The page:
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The first place where such information shoiuld be is the database...or any "virtual store" such as a web service that offers an interface to you db. In fact if there are other db entiies that use these values THEY MUST be represented in the database, otherwise you will run in big troubles. In fact, suppose one of such values is a string....if you don't define a table containing all possible values+a key and simply write the string as it is in other will be impossible for you to change the format of the string since it will be "spread" all over your db...On the contrary, if you just use an external key to refer to such can easily change them since the string is stored in just ONE place in your db. Also the enumeration solution suffers of the problem that you cannot add or deleted if such operations "conceptually" might make sense you cannot use an enumeration. You can use enumeration when all options "conceptually span" all possibilities, so you are sure you will never add/delete other options, such as in the case of the enumeration (yes, no, unknown).

That said, once you have your options in the db the remainder is will have DTO entities or Business entities representing them in exactly the same way you do for all other DB entities.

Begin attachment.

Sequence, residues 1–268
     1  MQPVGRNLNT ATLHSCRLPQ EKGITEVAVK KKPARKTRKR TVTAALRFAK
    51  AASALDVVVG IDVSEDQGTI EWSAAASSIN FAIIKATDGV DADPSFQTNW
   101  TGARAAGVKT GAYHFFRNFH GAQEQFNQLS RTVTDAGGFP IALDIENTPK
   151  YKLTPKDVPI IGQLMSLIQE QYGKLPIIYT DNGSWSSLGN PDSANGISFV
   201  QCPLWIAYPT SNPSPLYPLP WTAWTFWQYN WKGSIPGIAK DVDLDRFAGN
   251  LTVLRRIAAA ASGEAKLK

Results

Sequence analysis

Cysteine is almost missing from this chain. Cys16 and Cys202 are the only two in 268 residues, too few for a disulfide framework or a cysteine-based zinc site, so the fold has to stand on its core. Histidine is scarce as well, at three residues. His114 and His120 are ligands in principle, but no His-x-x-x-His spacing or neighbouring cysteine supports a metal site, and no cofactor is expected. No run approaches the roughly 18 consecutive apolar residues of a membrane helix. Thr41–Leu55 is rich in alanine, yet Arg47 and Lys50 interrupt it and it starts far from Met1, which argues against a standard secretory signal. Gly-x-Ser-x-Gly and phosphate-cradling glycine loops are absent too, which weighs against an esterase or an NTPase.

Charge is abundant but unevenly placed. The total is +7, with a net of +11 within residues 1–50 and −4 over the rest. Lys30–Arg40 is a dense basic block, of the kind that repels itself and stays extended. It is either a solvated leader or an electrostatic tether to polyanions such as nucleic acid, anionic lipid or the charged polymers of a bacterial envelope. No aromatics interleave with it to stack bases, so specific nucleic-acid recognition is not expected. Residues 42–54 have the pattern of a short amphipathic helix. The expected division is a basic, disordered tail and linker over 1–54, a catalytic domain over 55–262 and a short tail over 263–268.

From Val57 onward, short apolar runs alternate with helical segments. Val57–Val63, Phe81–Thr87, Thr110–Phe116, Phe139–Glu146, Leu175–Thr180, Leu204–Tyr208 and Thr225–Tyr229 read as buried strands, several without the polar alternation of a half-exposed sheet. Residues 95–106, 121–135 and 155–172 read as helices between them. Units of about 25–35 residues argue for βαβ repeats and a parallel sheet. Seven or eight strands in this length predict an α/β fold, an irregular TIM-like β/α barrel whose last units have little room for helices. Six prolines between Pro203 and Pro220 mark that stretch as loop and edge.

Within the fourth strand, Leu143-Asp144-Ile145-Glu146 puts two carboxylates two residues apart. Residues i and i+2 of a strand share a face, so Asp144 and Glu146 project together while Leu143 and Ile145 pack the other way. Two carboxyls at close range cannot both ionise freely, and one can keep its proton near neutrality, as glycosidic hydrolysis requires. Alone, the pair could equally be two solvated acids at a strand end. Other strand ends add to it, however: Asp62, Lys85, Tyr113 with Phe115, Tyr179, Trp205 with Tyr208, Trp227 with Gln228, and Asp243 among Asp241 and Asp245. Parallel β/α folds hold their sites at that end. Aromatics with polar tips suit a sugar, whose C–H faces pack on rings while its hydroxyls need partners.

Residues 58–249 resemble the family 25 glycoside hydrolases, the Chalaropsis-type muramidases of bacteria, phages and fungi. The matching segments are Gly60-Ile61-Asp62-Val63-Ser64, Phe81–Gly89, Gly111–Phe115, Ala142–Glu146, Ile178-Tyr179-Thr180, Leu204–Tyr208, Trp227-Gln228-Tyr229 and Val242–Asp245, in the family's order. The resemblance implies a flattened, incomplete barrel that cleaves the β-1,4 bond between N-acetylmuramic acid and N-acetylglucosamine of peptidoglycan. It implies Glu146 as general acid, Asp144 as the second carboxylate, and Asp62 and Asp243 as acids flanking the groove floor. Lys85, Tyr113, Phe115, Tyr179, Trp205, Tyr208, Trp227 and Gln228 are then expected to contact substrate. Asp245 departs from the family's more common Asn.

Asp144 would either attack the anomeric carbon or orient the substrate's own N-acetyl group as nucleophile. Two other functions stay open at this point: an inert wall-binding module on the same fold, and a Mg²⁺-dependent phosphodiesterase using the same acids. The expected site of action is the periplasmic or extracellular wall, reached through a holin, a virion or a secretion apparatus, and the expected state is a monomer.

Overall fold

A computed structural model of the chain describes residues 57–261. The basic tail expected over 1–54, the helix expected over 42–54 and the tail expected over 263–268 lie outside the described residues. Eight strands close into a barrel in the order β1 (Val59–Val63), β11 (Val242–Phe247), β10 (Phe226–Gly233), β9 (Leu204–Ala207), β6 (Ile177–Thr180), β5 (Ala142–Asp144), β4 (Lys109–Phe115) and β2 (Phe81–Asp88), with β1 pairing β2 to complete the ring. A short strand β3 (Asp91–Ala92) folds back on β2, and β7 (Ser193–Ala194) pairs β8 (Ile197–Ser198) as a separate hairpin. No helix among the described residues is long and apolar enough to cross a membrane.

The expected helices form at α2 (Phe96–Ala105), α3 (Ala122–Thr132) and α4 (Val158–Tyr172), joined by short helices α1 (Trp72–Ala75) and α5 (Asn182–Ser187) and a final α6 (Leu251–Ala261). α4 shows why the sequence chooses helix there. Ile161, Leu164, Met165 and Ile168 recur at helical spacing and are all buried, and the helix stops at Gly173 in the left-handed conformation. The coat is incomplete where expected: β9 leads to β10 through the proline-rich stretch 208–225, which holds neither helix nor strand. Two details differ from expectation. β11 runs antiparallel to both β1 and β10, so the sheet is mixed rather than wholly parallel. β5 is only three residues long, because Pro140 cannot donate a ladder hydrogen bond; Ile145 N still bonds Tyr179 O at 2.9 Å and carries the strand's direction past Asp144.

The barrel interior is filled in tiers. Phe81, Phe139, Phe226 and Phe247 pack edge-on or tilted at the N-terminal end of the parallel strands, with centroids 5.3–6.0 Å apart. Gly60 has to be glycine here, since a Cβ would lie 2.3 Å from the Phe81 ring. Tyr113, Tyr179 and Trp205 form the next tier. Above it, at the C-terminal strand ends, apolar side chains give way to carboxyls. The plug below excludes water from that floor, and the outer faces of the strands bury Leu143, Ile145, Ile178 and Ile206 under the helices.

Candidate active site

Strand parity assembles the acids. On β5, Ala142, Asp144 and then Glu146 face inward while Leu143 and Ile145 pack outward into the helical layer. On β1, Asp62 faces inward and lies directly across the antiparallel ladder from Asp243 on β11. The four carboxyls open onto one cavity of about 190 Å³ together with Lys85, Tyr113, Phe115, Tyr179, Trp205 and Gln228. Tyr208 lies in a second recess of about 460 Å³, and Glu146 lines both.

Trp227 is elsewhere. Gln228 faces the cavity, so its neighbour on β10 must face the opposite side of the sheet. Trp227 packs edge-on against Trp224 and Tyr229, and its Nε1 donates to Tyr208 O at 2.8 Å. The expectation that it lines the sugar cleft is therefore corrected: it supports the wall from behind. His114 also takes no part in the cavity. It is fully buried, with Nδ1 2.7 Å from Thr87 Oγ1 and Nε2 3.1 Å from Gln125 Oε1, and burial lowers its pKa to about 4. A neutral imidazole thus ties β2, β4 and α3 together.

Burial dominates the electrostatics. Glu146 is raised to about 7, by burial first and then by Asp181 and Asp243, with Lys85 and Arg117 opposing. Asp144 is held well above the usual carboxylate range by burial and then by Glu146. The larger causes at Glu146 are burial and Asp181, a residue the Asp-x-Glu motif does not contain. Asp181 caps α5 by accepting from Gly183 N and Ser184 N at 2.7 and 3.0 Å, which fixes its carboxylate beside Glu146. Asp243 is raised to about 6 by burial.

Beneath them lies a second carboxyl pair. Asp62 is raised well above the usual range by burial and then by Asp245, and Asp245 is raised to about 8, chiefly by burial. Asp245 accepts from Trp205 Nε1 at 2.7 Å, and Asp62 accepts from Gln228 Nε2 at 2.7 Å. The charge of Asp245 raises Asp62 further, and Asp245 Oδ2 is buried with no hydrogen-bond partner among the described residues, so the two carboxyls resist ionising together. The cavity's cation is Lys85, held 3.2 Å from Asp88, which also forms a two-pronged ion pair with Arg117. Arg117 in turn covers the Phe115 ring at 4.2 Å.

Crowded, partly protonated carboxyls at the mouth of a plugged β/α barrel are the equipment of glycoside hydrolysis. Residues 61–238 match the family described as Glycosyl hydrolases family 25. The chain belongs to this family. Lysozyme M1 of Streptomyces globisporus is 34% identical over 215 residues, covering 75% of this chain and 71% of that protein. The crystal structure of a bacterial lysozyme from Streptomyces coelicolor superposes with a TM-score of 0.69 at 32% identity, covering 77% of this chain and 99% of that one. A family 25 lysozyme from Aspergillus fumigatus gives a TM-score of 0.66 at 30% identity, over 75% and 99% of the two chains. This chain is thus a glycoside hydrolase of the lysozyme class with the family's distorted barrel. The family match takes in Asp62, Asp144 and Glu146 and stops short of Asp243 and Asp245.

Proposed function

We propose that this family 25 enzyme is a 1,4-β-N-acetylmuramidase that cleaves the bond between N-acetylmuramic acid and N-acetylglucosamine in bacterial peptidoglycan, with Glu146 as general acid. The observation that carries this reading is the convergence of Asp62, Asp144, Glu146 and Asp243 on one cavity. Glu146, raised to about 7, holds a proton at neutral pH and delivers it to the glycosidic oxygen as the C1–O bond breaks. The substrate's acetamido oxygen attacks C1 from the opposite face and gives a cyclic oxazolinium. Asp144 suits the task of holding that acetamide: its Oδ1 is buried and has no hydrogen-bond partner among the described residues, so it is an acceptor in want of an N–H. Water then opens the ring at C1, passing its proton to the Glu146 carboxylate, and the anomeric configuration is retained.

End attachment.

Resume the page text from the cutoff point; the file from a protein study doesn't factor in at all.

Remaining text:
For visualization purposes you may have a ViewModel version of this options that might just contain key and description, and a "Repository method" that your controllers can call to have the list of all options.

Once retrieved you controllers put them in the overall page ViewViewModel...together with all other information to be shown on the page. From the can access them to put them in a dropdown.

Summing up: 1) You need a DB representation of your options 2) Then you will have DTO, business layer, and View versions of this needed, exactly as for all other DB entities.

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OK, so I guess the solidairty of having these options in the db outweights the lookups needed to find out what the options are? I certainly don't want to litter my database with loads of tidy tables, one for each dropdown? Could I put all select list options into a single table, and use a secondary grouping id to manage them like that? Then I get back into a problem of the options themselves not being tightly controlled and require default data in the db from day one? Is this never a bad thing (requiring some data in your db post scheme generation) – Chris Barry Mar 22 '12 at 12:27
if you could make an example of your options it would be great..I have not said to transform each list of optiont into a table, but that such information might be contained in the database. Then you can retrieve them with adequate queries. Putting or not several options in the same table..depends ...if they represents the same "stuff" that is "filtered" in different ways in different select you can do it...otherwise NOT. For instance you can put the list of all towns in US in the same table and then in some select you can use ..say just the ones of a state. – Francesco Abbruzzese Mar 22 '12 at 13:53